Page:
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Perks That Place Some Companies (Like Google) in the “Best Places to Work” Category

By now chances are you’ve heard of the dozen or so lists of “Best Companies To Work For” compiled by both business media and industry (jobs) community groups.

These lists have been published and circulated for quite some time now and a few companies have surfaced as year-to-year favorites.

These popular firms have earned their status as companies which lavish special attention on their employees.  Of course, it now behooves them to maintain their excellent employer report card.

It’s worth noting that these companies are all sizeable, with 1,000 or more employees on their facilitites.

With such a stellar reputation at stake, these companies  have wisely continued to score glowing marks by augmenting (and never, it seems, diminishing) their well-publicized TLC towards their workers.

For instance, the information technology behemoth, Google, has been in the top slot for so long now that would-be employees have come to expect, at the very minimum access to a gym 24 hours a day, 7 days a week (and did we mention that the membership fee is zip?); an amazing avante garde office décor that resembles, in some places, both a romper room and The London Bridge; breakfast, lunch and dinner that’s on the house (and can be had at all hours); stock equity and mini-kitchens stocked with snacks, and even a climbing wall.  Of particular interest –and real career-fodder substance—are the extensive career resources and incredibly multi-layered opportunities for improvement and growth within the employee’s fied and interest.

In fact, every year seems to bring new announcements of ways that Google’s upper management has devised to woo and keep their employees.  Because, after all, that IS the name of the game:  these companies seek to attract and KEEP the crème of the crop or, as Google puts it: “The best talent and best people in the world, to work with.”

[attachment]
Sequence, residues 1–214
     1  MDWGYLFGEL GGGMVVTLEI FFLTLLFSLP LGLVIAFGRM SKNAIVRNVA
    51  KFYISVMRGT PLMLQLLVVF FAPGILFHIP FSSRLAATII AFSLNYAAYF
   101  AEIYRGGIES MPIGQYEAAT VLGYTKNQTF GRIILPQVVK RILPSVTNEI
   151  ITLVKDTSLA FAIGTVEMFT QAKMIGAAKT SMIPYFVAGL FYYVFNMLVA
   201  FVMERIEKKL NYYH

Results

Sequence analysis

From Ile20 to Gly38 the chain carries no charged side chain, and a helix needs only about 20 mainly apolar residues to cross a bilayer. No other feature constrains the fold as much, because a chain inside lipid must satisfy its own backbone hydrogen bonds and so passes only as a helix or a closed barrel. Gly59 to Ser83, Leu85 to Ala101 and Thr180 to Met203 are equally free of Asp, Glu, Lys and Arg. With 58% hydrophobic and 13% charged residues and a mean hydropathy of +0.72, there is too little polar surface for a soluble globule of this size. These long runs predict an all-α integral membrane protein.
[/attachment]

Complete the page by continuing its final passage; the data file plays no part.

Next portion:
“Wow, those are some benefits!” you must be thinking.

Yep. Companies like Google give the coined term “perks” its perky connotation!

If you’d like to bring some of the aforementioned special treatment to the attention of your own management, why not examine a few more of those cushy benes?   That way, you can give the powers-that-be a more extensive list, and give them more to choose from.

Hey, you never know!  Your own company might earn a place in the ranking of “Best Places to Work”.

Ready?  Here goes:

Google – In addition to all of the above, you’ll never have to schedule time during your lunch hour for a hair trim.  (Hey, if you go to a particularly fashionable or trendy stylist, the waiting time might even eat into your precious hour away from the office!)  That’s because Google has arranged for especially gifted hair designers to coif their employees. Yep, it’s a case of Google’s pairing the “best” with the “best”.  And, once again, it’s no-fee, or completely gratis.

But wait:  there’s another angle to this approach.  Google – and, in a bid to follow suit, perhaps, other Silicon Valley giants – seem to have put the following logic into play: if you give your staff most of what it needs, it will linger around the office during work hours—including lunch times–and even into evening and weekend hours. And lo and behold, this is exactly what management has been observing: employees are not clock watchers, and they don’t rush home at the end of the day.

Along this line of thought, popular perks among this category of employer have been built up to include:

Swimming pools.  Remember our mentioning that Google provides free and constant-access to an on-site exercise facility?  Well, we’ll elaborate on that idea a bit:  there’s also a swim-in-place swimming pool.    AND massage rooms (for a partially subsidized therapeutic massage).

There’s also something known as the “Twenty Percent Time” assignment. The idea is to push away from your standard workload just long enough to keep your outlook fresh and renewed upon your return.  The “Twenty Percent Time” project has been developed to enable you to work on ANYTHING UNRELATED to your day-to-day work for one day a week, or twenty percent of your time during those  days.

This idea been implemented by many other large companies, and is credited with being the source of inspiration in the case of many novel and beneficial concepts, i.e., new products for the company line.

Hey, all these perks have managed to work for Google and other successful companies.  Why not yours? We’re rooting for you!

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